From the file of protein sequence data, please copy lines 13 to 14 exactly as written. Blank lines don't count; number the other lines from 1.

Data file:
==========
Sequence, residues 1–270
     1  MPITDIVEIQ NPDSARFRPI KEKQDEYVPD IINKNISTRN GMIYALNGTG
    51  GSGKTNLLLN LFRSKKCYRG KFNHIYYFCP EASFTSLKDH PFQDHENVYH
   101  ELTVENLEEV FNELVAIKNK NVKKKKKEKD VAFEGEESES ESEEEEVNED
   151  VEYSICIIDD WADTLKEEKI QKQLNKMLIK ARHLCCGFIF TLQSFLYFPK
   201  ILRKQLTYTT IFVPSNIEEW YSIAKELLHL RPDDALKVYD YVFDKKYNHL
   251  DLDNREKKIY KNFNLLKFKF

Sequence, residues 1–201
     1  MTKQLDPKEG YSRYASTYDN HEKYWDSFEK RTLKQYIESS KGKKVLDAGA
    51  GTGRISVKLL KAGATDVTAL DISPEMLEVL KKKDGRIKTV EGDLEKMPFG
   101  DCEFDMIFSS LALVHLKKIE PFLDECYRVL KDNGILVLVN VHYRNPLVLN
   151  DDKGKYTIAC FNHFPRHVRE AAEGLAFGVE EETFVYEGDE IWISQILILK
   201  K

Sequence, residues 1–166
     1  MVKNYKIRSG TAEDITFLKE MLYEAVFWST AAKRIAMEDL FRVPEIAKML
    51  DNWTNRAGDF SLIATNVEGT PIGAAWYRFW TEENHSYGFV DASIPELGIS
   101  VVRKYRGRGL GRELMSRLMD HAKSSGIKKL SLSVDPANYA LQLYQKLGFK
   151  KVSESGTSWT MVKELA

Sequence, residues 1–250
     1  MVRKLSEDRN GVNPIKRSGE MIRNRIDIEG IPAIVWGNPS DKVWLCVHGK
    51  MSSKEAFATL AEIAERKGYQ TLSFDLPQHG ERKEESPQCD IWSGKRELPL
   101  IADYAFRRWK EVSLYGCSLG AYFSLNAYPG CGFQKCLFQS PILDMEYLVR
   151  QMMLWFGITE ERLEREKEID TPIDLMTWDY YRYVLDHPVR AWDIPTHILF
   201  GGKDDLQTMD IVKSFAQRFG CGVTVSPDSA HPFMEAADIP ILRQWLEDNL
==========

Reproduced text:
   201  K

Sequence, residues 1–166